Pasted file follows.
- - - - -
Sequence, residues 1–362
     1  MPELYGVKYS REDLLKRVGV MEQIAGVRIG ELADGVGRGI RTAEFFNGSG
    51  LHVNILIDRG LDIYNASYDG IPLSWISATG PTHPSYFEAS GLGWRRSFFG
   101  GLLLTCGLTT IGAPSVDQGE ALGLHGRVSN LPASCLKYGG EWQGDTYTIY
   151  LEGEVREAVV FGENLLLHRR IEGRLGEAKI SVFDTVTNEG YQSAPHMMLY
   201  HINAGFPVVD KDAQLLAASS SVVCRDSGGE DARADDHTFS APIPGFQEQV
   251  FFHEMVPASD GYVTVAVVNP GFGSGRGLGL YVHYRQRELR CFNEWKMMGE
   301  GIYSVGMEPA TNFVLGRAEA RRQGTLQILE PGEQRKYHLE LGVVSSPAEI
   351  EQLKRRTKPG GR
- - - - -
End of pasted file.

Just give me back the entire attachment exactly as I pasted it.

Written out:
Sequence, residues 1–362
     1  MPELYGVKYS REDLLKRVGV MEQIAGVRIG ELADGVGRGI RTAEFFNGSG
    51  LHVNILIDRG LDIYNASYDG IPLSWISATG PTHPSYFEAS GLGWRRSFFG
   101  GLLLTCGLTT IGAPSVDQGE ALGLHGRVSN LPASCLKYGG EWQGDTYTIY
   151  LEGEVREAVV FGENLLLHRR IEGRLGEAKI SVFDTVTNEG YQSAPHMMLY
   201  HINAGFPVVD KDAQLLAASS SVVCRDSGGE DARADDHTFS APIPGFQEQV
   251  FFHEMVPASD GYVTVAVVNP GFGSGRGLGL YVHYRQRELR CFNEWKMMGE
   301  GIYSVGMEPA TNFVLGRAEA RRQGTLQILE PGEQRKYHLE LGVVSSPAEI
   351  EQLKRRTKPG GR